Economia de Juros


A revista Business Week tenta interpretar como é possível conciliar o terremoto político com a empolgação nas bolsas e no mercado financeiro. A conclusão - meio perigosa - é que são as altas taxas de juros que continuam atraindo os recursos do exterior. A revista diz textualmente: "não se encontra um retorno assim para títulos do Governo em nenhum lugar do planeta".

Brazilian economy charges ahead

"It's almost like Brazil doesn't need a president for its economy to keep going," joked Rinaldo Pierrotti, a 74-year-old retired accountant who has seen his Brazilian stock holdings advance 10 percent in the last month alone. Investors ranging from small-time players like Pierrotti to big overseas funds are betting Brazil can withstand virtually any political earthquake.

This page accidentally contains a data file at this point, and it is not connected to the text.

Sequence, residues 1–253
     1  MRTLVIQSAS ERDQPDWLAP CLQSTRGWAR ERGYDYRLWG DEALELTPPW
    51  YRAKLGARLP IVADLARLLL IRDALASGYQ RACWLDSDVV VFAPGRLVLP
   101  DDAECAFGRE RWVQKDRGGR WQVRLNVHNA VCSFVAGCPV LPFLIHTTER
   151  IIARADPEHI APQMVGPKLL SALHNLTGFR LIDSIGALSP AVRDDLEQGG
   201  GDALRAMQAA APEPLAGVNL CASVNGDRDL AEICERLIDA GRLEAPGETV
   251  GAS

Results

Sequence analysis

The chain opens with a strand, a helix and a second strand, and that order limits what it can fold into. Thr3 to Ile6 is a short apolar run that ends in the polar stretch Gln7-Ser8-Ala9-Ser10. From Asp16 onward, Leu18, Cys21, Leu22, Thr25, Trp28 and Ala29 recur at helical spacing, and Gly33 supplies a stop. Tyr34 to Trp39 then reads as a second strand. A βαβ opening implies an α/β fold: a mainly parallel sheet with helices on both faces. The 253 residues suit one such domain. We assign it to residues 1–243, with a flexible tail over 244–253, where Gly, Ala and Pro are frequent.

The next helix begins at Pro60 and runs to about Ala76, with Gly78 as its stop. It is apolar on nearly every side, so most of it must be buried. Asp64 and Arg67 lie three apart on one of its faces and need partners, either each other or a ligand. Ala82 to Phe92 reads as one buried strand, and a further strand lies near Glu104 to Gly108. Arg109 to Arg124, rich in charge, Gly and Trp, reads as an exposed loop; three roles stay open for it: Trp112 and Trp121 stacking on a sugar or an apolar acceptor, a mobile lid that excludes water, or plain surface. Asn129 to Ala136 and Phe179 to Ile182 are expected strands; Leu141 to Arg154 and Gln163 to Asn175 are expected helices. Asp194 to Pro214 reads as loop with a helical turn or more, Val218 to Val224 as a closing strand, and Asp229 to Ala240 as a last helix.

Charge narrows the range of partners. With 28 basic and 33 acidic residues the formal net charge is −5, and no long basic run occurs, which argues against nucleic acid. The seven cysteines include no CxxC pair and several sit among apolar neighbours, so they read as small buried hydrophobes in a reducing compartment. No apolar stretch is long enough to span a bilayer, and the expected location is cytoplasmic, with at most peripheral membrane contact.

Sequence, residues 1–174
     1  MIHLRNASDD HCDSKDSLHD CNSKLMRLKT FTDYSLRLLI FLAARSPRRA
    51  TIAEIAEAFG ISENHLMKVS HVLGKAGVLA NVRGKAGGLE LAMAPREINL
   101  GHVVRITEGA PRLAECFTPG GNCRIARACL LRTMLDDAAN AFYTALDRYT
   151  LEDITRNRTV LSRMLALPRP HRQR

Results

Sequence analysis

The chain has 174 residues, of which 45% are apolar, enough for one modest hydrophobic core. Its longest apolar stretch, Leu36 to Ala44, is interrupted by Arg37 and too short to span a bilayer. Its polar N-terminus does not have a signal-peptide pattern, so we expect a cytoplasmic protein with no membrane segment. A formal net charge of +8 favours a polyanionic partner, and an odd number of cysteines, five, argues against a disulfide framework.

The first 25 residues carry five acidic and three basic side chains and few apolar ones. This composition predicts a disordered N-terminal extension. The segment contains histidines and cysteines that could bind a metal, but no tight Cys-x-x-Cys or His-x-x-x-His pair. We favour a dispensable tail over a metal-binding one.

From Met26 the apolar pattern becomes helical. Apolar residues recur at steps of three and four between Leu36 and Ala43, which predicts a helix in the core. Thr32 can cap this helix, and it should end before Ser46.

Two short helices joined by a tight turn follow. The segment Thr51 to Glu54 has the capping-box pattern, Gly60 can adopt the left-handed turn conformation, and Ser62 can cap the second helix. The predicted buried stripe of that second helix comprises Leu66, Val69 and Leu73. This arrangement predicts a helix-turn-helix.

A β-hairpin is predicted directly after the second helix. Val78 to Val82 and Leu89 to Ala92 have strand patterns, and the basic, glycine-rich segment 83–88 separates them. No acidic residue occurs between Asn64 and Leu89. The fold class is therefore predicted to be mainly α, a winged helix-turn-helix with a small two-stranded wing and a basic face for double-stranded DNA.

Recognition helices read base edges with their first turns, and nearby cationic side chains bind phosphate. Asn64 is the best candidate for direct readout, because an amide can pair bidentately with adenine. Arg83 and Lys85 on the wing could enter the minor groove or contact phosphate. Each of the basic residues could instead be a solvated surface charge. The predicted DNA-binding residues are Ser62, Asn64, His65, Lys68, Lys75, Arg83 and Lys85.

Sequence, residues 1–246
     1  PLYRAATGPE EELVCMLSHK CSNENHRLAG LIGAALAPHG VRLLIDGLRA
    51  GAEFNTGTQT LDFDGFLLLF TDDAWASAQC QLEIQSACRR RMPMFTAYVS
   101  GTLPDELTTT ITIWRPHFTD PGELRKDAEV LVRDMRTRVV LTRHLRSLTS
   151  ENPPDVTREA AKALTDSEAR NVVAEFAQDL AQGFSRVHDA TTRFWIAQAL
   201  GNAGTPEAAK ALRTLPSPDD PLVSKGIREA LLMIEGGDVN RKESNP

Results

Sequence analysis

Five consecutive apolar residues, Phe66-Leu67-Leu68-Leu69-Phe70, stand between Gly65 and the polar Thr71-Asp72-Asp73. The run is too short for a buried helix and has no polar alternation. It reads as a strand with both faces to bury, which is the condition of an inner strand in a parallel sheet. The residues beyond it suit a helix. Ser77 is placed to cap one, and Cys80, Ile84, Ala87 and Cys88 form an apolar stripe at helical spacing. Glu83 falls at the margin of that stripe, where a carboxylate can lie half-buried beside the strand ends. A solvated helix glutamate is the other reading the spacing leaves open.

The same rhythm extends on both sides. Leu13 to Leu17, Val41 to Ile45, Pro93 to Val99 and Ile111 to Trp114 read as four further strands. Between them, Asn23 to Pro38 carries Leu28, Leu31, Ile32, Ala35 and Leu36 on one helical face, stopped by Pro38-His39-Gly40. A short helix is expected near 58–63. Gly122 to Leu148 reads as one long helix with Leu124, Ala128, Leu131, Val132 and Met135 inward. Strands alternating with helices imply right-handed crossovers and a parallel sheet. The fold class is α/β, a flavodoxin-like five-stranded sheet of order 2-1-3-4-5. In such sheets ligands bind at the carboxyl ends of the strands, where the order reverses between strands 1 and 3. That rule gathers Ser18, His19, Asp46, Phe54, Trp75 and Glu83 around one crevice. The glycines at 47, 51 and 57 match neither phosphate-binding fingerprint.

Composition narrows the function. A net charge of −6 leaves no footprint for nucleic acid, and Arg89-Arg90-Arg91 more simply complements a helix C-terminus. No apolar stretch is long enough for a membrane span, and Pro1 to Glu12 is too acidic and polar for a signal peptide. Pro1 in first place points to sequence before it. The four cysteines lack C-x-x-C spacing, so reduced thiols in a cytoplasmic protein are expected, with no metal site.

Despite the turmoil, worldwide demand for Brazilian export products like soy and steel remains high, largely due to huge demand from China. And leftist President da Silva has consistently stuck to conservative policies despite a big drop in popularity that could threaten his re-election next year. "In other times, with the leader of Congress resigning and revelations of this nature, we would have seen a crisis," said Enrique Alvarez, head of Latin American research at New York-based IDEAGlobal. "But people are getting returns in Brazil they can't get anywhere else."

The benchmark interest rate stands at a towering 19.5 percent, which has prompted outcries from unions and some business interests that economic growth and the creation of new jobs are being stifled. But Brazil's economy is on track to grow 3.2 percent this year, and some government officials are predicting even stronger growth next year. ...

<< Home